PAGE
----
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Insight: We are being hit hard by pharmacist shortages


Insight: We are being hit hard by pharmacist shortages

I understand the concerns of local NHS bodies regarding temporary pharmacy closures. It is fast becoming a major crisis as a ‘perfect storm’ of foreseeable workforce issues collide...

By Alexander Humphries*

Locally we have had serious problems with some pharmacy groups being unable to find pharmacists to cover shifts.

The boss has had to fork out £50 an hour to a Saturday locum recently in order to keep the pharmacy open, but I don’t always see the same level of commitment from some of the larger pharmacy companies. They seem quite happy to close a pharmacy for all or part of the day if they cannot find a pharmacist. Some of the multiples don’t even seem to be hiding the fact that they aren’t trying to keep branches open.

I understand that if, say, one of your pharmacists gets pinged to self-isolate through NHS Test and Trace with only a few hours’ notice, it might not be possible to avoid a closure or service disruption, but one incident I know about was due to a planned holiday. This isn’t the first time this has happened, and declining service levels are matched by rising public frustration and seeming indifference from NHS England.

Bad behaviour

While I do not defend the multiples in this, I am absolutely enraged by the activities of some locums. I am not talking about rates here, that is just a function of supply and demand, and I don’t blame individual locums for pricing their time accordingly. What I am talking about is the attitude of some locums, one of whom has now been banned for life from our pharmacy because of his aggression and rudeness.

“So what?” he will say, “there is plenty of work around.” Yes there is, but don’t try and pass yourself off as a professional when your message was akin to a blackmailer asking for a blank cheque...

I blame NHS England for causing the problem. It takes about 10 years to plan and implement changes to any health professional workforce.

The implementation of the Alternative Roles Reimbursement Scheme (ARRS), which pays for healthcare professionals including pharmacists to work for a PCN, was implemented from nowhere, with no apparent consultation with any of the professions involved and no apparent forethought for the impact on other branches of the professions concerned.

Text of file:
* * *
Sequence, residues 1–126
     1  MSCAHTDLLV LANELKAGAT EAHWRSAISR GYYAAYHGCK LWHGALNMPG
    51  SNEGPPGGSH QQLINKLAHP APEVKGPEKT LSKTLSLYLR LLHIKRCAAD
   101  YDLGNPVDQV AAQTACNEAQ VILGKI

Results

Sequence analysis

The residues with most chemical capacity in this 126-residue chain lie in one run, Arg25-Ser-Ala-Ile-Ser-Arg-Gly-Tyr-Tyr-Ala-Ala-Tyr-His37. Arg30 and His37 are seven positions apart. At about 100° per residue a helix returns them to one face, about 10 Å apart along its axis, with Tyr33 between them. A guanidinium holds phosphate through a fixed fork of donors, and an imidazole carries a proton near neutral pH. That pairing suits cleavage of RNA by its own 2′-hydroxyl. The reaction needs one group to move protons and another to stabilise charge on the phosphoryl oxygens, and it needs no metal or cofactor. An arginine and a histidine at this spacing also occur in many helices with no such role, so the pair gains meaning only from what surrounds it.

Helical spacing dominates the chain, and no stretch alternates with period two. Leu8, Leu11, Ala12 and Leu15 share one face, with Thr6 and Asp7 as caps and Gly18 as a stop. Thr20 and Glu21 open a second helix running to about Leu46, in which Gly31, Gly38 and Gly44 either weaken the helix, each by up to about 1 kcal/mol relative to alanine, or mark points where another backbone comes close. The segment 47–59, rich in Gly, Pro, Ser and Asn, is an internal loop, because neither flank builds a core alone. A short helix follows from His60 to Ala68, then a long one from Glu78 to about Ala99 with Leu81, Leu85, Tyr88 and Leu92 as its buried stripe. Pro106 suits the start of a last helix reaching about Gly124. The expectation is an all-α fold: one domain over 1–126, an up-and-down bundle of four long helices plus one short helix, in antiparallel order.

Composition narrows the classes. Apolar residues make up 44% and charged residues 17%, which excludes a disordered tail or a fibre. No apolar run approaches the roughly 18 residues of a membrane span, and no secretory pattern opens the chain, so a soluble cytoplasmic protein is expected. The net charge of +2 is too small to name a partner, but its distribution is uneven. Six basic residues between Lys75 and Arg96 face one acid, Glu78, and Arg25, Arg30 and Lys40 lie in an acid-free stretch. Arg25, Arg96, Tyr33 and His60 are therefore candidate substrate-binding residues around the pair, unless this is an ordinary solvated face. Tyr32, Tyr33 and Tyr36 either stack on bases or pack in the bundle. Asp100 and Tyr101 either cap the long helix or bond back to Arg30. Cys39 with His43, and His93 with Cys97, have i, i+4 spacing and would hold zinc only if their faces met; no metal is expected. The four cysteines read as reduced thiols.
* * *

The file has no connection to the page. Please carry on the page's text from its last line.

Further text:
Pharmacists moving into PCN roles is removing significant numbers of part-time pharmacists in particular from the community pharmacy workforce. We are also seeing others involved in the Covid vaccination service.

And although it breaks my heart to say it, I’m also seeing good pharmacists fed up with the relentless grind in community pharmacy, looking at the work-life balance and deciding this is no longer for them.

In some areas of the country I believe we are not far away from the collapse of the community pharmacy service, whether this is due to the ‘pingdemic’, Covid booster programme or the fact that everyone is knackered and can’t get a day off because there are no locums.

I have not been able to take a week off in a year now, and the very earliest I can realistically think about doing so would be next spring. How many of you are in the same boat?

Sustainable plan

So what can be done about this? We need a sustainable workforce plan that recognises the impact of primary care recruitment (up to 7,500 required in PCNs by 2024). I would freeze ARRS recruitment for pharmacists for the time being and I would discourage locum pharmacists from being used in vaccination centres.

Simply, we have to ensure the supply of medicines to patients – which might mean some difficult decisions ahead.

*Alexander Humphries is the pen name of a practising community pharmacist. The views in this article are not necessarily those of Pharmacy Magazine. Have you had to close due to pharmacist shortages? Email

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